documenting engineering designs for com- above, graphics are not needed to apply
municating design, manufacturing, and geometry to solving problems, but is a pow-
assembly information. Though there is still erful means for doing so. Are there ways of
the opportunity to use 2-D CAD based mul- applying contemporary technology to find
tiview and pictorial techniques as an analyt- new ways of helping students to think 'geo-
ic tool, the primary focus in most engineer- metrically'? Numerous researchers in the
ing and technical graphics curriculums con- Engineering Design Graphics Division have
tinues to be on the appropriate application of realized the important role graphical activi-
ANSI/ISO documentation standards. ties play in the development of spatial visu-
alization skills (cf., Branoff, 1998; McWhorter
Where do these traditional methods of using & et al, 1990; Miller, 1996; Nowacki, 1991;
geometry and graphics in analysis and docu- Rooney, 1989; Ross & Aukstakalnis, 1993;
mentation fit into contemporary engineering Sorby & Baartmans, 1994). A number of
and technical graphics? A starting point is to studies by these and other researchers point
attempt to separate the underlying concepts to the important role 3-D modeling tools can
and processes which help develop well play in enhancing visualization ability. Still,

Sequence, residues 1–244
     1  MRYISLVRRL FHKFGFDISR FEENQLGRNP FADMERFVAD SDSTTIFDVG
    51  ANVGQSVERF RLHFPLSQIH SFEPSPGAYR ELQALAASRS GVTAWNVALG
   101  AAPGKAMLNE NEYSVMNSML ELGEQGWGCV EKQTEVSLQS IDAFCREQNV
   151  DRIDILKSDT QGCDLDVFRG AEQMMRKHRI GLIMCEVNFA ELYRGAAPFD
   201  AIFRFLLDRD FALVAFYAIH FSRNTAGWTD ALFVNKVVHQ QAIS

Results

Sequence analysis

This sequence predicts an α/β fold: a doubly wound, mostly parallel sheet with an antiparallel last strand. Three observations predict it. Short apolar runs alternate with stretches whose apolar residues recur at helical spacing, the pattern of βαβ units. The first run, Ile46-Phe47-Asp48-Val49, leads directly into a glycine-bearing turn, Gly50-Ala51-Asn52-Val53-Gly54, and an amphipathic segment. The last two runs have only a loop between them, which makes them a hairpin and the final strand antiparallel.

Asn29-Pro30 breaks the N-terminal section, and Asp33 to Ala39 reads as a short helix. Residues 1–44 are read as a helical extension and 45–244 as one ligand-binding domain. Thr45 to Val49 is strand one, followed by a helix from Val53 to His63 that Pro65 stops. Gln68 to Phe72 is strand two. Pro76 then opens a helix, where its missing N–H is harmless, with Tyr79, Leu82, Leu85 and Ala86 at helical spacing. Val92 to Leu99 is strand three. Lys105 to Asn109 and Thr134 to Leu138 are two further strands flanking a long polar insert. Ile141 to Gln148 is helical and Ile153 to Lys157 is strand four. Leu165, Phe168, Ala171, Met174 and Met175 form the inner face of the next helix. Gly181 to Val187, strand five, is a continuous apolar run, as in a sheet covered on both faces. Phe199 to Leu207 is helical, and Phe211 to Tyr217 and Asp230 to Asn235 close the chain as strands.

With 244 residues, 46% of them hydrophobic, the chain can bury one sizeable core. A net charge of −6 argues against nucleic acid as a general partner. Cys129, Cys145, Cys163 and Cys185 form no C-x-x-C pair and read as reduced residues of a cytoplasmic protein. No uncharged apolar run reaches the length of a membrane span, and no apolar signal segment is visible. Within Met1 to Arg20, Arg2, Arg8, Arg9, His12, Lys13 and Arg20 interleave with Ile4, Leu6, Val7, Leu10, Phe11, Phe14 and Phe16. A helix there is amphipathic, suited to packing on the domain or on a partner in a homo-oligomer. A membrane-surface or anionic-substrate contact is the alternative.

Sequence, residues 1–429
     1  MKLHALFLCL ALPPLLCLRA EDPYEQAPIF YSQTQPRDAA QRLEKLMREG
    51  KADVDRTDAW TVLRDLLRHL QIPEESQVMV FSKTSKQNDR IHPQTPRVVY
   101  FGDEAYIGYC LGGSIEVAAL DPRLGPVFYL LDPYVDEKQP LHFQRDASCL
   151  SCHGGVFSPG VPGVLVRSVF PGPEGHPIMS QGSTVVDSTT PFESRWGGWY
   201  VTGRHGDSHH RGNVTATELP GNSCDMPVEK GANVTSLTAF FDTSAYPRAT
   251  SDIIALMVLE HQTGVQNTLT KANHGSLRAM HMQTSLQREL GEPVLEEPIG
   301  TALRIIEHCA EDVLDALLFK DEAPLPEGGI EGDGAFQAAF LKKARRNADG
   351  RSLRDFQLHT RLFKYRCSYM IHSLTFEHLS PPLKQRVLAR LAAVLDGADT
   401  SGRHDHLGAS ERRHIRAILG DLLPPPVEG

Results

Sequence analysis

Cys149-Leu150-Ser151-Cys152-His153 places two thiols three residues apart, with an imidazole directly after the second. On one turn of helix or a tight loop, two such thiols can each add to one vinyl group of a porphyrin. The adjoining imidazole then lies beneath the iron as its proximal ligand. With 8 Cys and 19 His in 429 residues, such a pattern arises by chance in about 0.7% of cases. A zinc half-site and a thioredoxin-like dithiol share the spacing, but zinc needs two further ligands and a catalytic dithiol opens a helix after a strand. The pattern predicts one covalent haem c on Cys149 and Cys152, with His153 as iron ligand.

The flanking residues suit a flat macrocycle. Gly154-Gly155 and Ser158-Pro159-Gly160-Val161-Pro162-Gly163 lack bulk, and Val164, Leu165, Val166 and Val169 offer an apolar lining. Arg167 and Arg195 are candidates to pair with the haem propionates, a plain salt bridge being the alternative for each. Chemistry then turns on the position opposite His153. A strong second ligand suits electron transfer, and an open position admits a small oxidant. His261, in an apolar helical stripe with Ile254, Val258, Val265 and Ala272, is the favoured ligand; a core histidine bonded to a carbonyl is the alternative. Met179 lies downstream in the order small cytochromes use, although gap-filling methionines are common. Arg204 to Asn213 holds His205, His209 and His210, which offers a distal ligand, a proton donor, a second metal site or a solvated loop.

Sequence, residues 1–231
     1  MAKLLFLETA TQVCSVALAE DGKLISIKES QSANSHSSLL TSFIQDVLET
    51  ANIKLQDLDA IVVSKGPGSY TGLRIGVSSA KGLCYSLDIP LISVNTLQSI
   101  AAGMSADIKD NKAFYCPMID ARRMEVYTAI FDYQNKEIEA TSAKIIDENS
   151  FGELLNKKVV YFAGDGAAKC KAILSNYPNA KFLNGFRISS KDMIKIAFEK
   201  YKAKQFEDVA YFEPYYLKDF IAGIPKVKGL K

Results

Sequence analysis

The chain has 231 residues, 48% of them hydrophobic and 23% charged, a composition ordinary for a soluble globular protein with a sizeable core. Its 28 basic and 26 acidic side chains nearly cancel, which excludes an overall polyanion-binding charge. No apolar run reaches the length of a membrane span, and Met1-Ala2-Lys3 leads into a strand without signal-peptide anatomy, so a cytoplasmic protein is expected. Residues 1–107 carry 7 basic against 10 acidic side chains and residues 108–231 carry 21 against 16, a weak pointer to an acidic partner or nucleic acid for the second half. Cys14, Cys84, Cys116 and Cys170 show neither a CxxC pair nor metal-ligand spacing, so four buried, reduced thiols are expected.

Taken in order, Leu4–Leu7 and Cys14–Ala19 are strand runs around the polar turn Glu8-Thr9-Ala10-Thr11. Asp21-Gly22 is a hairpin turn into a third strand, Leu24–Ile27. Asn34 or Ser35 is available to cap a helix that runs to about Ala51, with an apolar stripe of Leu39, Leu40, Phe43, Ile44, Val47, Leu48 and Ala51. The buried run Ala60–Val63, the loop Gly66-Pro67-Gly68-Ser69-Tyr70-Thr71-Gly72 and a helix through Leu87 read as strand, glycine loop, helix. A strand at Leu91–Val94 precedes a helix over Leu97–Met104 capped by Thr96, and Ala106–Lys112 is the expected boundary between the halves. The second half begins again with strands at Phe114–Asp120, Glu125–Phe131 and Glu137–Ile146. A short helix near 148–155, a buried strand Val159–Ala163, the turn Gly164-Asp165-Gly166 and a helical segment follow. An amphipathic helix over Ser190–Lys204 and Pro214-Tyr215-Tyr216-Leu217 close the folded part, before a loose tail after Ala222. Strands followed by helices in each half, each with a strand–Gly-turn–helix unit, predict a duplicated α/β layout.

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REVISIONS DRAWING NO

## Figure 3 - Example CAD multiview drawing for documentation (From

Bertoline et al. (1997), p400).

it is clear that we are just beginning to under- es (and develop new ones) while discarding
stand this relationship. drawing and documentation techniques
which are no longer appropriate in the 3-D
An Evolving Role of Geometry and Graphics modeling environment. For example, Figure
Looking at the new generation of technolo- 4 shows an exercise where the student has to
gies used by engineering and technical fields pin the pivot arm at a 60 degree angle to the
leads to some ideas of where we as a profes- base, then pin the rod to the pivot arm and
sion may be going. It is going to be critical have it pass through the center of the width
to continue to address core goals of develop- and thickness dimensions of the plate.
ing spatial visualization, graphically based Finally, the student has to calculate the angle
problem-solving, and effective communica- of the bore in the plate needed for the rod to
tion skills in future engineers and technolo- pass through. For this problem, there is no
gists. What must be done, however, is for need for the student to manually construct
technical and engineering graphics profes- various projections of the assembly nor is it
sionals to be leaders in applying new, 3-D necessary for them to physically measure
modeling technologies to achieving these lengths and angles. On the other hand, they
goals. This approach serves two critical must be able to generate a systematic strate-
educational goals, developing graphics liter- gy of how they are going to create the nec-
acy and giving students experience with essary 3-D construction geometry and then
state-of-the-art technology. assemble the parts. This strategic activity